London — This past summer, David Hockney's morning walk was an almost straight line from his small, sunlit studio near Pembroke Gardens, north through Holland Park. With a few stops to observe, perhaps sketch, the blooming trees along the gravel path, he would arrive 20 minutes later on the other side of the park, near Notting Hill, at the cave-like studio of fellow painter Lucian Freud.
For three months, Hockney sat for his friend, enduring his painstaking scrutiny, as Freud painted a portrait he had wanted to do for a decade.
Once the portrait was done, Freud, in a gesture of reciprocity, agreed to make the reverse journey, and put himself before Hockney's gaze. Arriving in his Bentley, he sat not alone but with his longtime assistant, and, unable to give what he asks of his own sitters, lasted about three hours.
This month and next, the two paintings go on display for the first time -- thousands of miles apart. The portrait of Hockney will be included in "Lucian Freud," a 60-year retrospective that has traveled from London's Tate Britain to Barcelona's Foundacio "la Caixa" and opens at the Museum of Contemporary Art in Los Angeles on Feb. 9. Hockney's double portrait of Freud and his assistant goes on show at Annely Juda Fine Art in London on Thursday, the same day five others in his recent series of watercolors go up at the National Portrait Gallery. Other Hockney watercolors will be exhibited later this year at L.A. Louver.
The reciprocal portraits offer a glimpse of how these two artists see each other, and the world. Beyond their mastery, and their subjects' celebrity, they can also be read as essays on the art of portraiture.
Both British -- one an immigrant, the other an expatriate -- Freud and Hockney are as different as the studios they inhabit. In London, only a few miles separate them. But there is more than the park between the two.
The door to Freud's studio is smudged with oil paint. Inside, it smells of turpentine, and paint crusts the otherwise bare walls, accumulated in layers over the last 30 years. (Freud doesn't put the tops back on his paint tubes after use, causing the paint to dry. To get rid of the crud, he swipes it off on the walls.) The room, a converted fifth-floor walk-up with a north-facing skylight, is all but empty -- a bed, a couple of chairs, an easel and paint cart. Used paint rags lie in piles on the naked wooden floor.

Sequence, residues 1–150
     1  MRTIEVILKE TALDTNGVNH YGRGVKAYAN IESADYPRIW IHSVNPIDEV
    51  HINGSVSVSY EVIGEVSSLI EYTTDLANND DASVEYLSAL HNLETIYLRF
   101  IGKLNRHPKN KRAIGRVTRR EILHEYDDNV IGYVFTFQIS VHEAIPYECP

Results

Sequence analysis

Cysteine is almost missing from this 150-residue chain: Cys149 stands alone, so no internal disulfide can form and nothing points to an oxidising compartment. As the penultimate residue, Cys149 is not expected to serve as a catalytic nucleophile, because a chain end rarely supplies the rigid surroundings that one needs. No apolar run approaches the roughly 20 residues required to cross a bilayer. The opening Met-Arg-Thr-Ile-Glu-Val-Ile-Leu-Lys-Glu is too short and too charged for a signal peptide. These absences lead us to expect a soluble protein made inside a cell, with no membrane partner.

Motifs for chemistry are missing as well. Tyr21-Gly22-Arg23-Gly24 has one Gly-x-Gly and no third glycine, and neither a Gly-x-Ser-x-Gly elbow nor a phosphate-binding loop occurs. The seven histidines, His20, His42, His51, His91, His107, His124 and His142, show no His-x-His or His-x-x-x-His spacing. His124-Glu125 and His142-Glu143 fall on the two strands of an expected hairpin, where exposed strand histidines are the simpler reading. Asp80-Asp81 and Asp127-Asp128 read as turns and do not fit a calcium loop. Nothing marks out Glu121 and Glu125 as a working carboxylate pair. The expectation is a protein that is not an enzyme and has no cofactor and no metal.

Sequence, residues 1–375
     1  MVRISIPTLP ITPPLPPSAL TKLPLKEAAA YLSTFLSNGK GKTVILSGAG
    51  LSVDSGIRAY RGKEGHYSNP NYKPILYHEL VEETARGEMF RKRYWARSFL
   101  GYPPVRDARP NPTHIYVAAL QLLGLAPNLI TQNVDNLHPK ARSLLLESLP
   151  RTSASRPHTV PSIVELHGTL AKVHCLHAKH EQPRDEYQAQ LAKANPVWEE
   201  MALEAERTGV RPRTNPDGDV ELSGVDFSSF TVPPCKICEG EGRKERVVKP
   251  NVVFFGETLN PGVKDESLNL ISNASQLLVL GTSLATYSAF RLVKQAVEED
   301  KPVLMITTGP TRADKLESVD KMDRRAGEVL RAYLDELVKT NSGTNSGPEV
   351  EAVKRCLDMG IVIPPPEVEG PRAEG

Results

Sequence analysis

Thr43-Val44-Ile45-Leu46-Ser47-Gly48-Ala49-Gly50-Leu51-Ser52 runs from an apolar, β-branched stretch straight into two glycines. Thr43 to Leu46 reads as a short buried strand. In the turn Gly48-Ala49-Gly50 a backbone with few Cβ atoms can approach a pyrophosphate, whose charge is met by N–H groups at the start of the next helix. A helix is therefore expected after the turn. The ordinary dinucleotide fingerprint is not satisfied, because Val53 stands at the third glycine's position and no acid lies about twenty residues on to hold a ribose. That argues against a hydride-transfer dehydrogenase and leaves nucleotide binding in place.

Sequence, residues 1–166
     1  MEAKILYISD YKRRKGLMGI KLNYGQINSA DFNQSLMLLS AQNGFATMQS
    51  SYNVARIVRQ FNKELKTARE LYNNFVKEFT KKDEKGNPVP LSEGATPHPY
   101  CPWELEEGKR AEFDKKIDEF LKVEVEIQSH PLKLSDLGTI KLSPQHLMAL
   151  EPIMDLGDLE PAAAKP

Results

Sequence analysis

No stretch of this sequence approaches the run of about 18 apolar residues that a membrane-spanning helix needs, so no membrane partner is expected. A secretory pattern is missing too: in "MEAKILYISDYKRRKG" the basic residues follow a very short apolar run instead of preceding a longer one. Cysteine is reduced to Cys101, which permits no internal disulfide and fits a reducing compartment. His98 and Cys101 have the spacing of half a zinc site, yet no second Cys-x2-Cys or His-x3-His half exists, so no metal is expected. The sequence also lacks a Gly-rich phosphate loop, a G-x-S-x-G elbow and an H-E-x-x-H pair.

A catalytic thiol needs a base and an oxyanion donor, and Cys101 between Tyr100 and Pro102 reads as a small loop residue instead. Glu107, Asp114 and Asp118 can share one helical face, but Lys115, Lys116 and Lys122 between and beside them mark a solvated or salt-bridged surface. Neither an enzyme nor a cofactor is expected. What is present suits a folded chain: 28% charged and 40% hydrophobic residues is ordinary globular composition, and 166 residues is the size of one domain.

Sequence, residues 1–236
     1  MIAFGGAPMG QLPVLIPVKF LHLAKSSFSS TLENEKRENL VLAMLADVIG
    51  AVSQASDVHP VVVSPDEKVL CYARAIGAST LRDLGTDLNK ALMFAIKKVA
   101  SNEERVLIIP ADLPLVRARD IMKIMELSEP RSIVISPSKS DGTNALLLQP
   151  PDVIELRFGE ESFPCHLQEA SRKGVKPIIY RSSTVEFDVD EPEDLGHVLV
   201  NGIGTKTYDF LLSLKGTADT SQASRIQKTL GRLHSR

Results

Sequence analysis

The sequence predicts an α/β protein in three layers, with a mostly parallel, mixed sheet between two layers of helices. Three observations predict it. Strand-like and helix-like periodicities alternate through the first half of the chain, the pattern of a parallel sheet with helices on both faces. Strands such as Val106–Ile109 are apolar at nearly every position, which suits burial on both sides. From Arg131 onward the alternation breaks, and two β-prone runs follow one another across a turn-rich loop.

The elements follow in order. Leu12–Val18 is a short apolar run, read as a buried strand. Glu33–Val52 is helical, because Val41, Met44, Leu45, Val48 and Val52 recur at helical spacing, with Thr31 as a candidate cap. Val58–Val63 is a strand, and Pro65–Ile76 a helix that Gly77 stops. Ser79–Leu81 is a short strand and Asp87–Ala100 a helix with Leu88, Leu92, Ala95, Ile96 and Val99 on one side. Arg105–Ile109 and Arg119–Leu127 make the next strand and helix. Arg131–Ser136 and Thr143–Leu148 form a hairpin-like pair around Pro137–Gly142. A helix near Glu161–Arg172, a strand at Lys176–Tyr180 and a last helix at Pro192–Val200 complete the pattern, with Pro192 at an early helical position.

Here, Hockney sat on a straight-back chair, smoking, telling stories, as Freud scrutinized him. Between anecdotes, the room was silent, the only sound an occasional brush stroke on canvas.
For more than 100 hours, the two painters looked at each other, one creating a vision of the other.
"The relationship of painter to sitter, practical, professional, necessarily exploitative, involves a conspiratorial intimacy, a familiarity that transfers to the painting as it becomes the third party in the relationship and the main concern: literally the love object," writes William Feaver, curator of the Freud retrospective, in the catalog.
But the love object may not always be affectionate.
"Mustn't be indulgent to the subject matter," Freud has been quoted as saying. "I'm so conscious that that is a recipe for bad art."
Freud, who paints without his glasses so nothing comes between him, sitter and canvas, would fix on a part of Hockney's face. He'd stare for minutes, then mix the color -- for each brush stroke -- before making a single mark.
When the sittings concluded in the afternoon, Hockney would walk back through the park, returning to his own work. In his time in London, he painted more portraits than in any year previously.
On a recent morning at Hockney's pied-a-terre in Pembroke Gardens, David Graves, a longtime friend, answers constantly ringing phones as two dogs run between the living room and the little garden outside. Books, papers and drawings are scattered on the long wooden table where everything takes place -- be it work on a catalog or lunch. Potted plants are festooned with buttons reading "End Bossiness Soon," badges Hockney wears on his coat as well.
In the studio next door, several large watercolor portraits are pinned to one wall, charting Hockney's latest project and his obsession with relationships as subject matter: brothers, couples, parents and children. A photo of Hockney and Freud in Freud's studio is propped on a shelf.
Freud rarely gives interviews. Hockney talks amicably for hours about his travels, his past and current projects, devoting equal enthusiasm to the light in northern Norway as to the ingeniousness of tube mustard at lunch. (It stays fresher and, thus, hotter.) Partly as a result of his deafness, he owns the conversation. It is a monologue rather than a dialogue.
Waving an ever-present, sometimes lighted, cigarette, he reflects on the months with Freud.